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Magazine content related to Justice League (page 1 of 2)
With DC expanding its movie and TV offerings, we thought we’d remind you about our big book on the Justice League and DC’s universe-wide crossovers, written by Julian Darius. In this series, acclaimed comics scholar… [more]
This week, Tom and Shawn discuss Frank Cho’s line in the sand, 9-year-olds who love V for Vendetta, Joe Casey’s auto-plagiarism, Justice League finally getting some Action, and October Previews. We also review The Hunt… [more]
I’ve been writing this book for ten years, and it’s hard to believe it’s finally done. At over 160,000 words, Classics on Infinite Earths is the longest book Sequart’s ever published. Flashback: it’s 2005, and… [more]
Sequart Organization is proud to announce the publication of Classics on Infinite Earths: The Justice League and DC Crossover Canon, by Sequart founder Julian Darius. In this series (which is currently slated as a tetralogy),… [more]
Christmas episodes are generic now in the year of our Lord, two thousand and fourteen, but they are embedded in a larger history of seasonal programing that transcends mediums of all forms. Holiday festivals, derivative… [more]
Getting Alan Moore to approve of an adaptation is like… getting Alan Moore to approve of an adaptation. So, it’s very interesting to hear that the 2006 WB Animation adaptation of “For the Man Who… [more]
Last Christmas my brother gave me a booster pack of random, non-sequential issues from a variety of popular comic book titles that syndicated in the late eighties to mid nineties. The nineties was a time… [more]
“You’ll never believe this, but the Dredd movie is fantastic!” my brother Brian informed me. “Oh?” I didn’t want to say that all I really cared about was the portrayal of Psi-Judge Anderson, but …… [more]
In which we continue our discussion of DC One Million, begun here and continued here. Above Earth, Green Lantern has joined the heroes fighting a losing battle against Solaris. Solaris isn’t prepared for Green Lantern’s ring, and… [more]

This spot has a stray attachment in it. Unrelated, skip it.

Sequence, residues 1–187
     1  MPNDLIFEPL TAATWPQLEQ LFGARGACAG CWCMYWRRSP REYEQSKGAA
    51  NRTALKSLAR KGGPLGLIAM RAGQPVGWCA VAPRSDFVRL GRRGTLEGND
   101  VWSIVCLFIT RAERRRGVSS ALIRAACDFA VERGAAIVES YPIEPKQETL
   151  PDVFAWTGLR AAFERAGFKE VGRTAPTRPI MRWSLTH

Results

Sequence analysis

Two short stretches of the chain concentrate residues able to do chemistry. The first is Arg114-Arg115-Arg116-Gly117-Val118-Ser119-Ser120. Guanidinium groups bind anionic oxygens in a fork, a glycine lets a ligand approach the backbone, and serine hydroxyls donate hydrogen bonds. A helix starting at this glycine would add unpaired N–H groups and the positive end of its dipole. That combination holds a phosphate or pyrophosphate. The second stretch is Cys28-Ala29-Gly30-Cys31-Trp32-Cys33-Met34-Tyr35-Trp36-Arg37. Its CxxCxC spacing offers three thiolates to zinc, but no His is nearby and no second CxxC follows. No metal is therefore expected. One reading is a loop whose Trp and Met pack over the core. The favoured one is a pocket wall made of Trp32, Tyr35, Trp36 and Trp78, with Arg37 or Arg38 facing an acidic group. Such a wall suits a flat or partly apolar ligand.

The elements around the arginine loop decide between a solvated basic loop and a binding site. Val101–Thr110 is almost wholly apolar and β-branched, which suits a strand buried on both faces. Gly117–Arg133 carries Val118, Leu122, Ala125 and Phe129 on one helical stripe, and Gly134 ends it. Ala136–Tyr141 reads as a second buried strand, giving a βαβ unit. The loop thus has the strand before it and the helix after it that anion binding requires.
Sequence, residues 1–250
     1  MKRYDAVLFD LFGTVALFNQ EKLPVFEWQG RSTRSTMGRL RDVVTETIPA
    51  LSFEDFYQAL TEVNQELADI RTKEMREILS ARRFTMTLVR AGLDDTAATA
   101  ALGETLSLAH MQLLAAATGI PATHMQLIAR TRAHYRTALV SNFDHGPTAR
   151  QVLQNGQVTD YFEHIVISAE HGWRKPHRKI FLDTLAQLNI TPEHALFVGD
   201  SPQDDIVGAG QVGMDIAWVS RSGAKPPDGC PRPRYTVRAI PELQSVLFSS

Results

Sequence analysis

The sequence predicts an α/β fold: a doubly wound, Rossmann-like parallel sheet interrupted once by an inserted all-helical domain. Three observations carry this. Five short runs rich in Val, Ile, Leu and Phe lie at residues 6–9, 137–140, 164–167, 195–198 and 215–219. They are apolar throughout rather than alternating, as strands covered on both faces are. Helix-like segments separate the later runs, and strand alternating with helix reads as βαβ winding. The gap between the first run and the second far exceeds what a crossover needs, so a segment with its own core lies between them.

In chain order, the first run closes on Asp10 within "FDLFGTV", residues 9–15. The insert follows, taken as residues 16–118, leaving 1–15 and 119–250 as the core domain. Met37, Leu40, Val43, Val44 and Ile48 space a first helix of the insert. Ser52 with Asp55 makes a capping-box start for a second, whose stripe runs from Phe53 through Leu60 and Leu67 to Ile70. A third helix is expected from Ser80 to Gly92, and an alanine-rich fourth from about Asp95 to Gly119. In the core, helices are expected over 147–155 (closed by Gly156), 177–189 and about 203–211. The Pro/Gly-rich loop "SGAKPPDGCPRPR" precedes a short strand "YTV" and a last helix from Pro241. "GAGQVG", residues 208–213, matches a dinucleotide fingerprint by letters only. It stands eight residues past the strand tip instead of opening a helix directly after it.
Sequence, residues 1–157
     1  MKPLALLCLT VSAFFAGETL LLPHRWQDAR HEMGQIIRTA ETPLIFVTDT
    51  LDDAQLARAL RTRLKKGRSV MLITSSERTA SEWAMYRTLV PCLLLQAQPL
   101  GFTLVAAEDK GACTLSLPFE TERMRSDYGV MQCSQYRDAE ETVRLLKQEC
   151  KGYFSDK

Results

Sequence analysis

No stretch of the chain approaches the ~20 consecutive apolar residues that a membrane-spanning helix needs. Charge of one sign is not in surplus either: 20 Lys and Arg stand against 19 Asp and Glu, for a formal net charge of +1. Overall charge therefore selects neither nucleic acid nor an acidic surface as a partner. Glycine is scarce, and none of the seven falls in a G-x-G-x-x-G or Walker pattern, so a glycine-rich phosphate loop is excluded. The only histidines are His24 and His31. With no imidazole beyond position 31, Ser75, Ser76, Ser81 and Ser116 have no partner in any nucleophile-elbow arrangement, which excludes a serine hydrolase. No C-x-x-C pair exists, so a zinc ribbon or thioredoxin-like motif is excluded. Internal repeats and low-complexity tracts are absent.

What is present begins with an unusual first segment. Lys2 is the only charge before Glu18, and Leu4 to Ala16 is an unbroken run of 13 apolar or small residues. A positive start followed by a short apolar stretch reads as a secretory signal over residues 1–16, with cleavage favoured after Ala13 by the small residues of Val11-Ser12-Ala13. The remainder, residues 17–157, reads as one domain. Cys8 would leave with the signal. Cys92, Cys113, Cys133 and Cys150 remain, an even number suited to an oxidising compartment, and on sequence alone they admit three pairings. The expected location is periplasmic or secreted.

In which we continue our discussion of DC One Million, begun here. As issue #2 opens, the present-day narrative has caught up with the Montevideo explosion. The Justice Legion A, infected with the virus, joins… [more]
DC One Million was published in September 1998 (the month cover-dated Nov 1998) as a weekly four-issue mini-series – or almost weekly, since the JLA tie-in issue effectively served as an issue of the mini-series.… [more]
While Crisis on Infinite Earths was DC’s first universe-wide crossover, there’s some dispute over whether it was the first in comics. The answer largely depends on one’s definitions. Whatever one thinks about this, one shouldn’t… [more]
A few days ago, some friends and I were embroiled in a discussion about the rumors surrounding the new Justice League movie. This is the film that Warner Bros. and DC have been talking about… [more]
There is a growing confusion of what to make of the archetypal Hero / Villain dichotomy in the postmodern world.
We previously examined the first four issues of Giffen and DeMatteis’ seminal Justice League from 1987-1988. Today, we conclude our examination of that title’s first year, which works as its own unit.
While Keith Giffen and J.M. DeMatteis’s run on Justice League (retitled Justice League International with #7) is fondly remembered, it’s worth looking at how that title’s first year, published from 1987 to 1988, develops and… [more]
With Grant Morrison’s departure from JLA in 2000, DC made the absolute best decisions possible for the title’s new creative team. As writer, DC chose Mark Waid. Waid had written Kingdom Come (which had inspired… [more]
While many celebrate Gardner Fox’s inaugural run on Justice League of America, comparatively few appreciate the run that immediately followed it: that of Dennis “Denny” O’Neil and penciler Dick Dillin (who had illustrated Fox’s final two… [more]
The six-issue, second Super Powers mini-series from 1985, written by Paul Kupperberg, penciled by Jack Kirby, and inked by Greg Theakston, has been almost completely ignored by critics.
The 1988 four-issue mini-series The Weird — written by Jim Starlin, with art by legendary comics artist Bernie Wrightson and inks by Dan Green — isn’t told from the Justice League’s point of view. Rather,… [more]
Saga of the Swamp Thing #24: “Roots” Cover date: May 1984. Writer: Alan Moore. Artists: Steve Bissette and John Totleben. Colorist: Tatjana Wood. Letterer: John Costanza. Cover: Tom Yeates. Editor: Len Wein.
Like many classic comics from the 1980s onward, JLA: Earth 2 (the 1999 original graphic novel written by Grant Morrison with art by Frank Quitely) plays with comics history in a postmodern way, offering new… [more]
1996’s Kingdom Come — a self-contained, fully-painted series by writer Mark Waid and artist Alex Ross — was first published as a four-issue, prestige-format mini-series, designated as an Elseworlds (i.e. out-of-continuity) tale. The story was… [more]
Justice League #1-6 Review: Not the Back-Ups, Not All the Filler Art or Teases for Future Storylines
Team books were always a challenge in the old days.
A “Redundant” Justice League: An Analysis of DC’s New 52 in Light of Umberto Eco’s Theory of Narrative Redundancy
It can be argued that Justice League, the flagship title of DC’s “New 52,” is predominantly a narrative of images.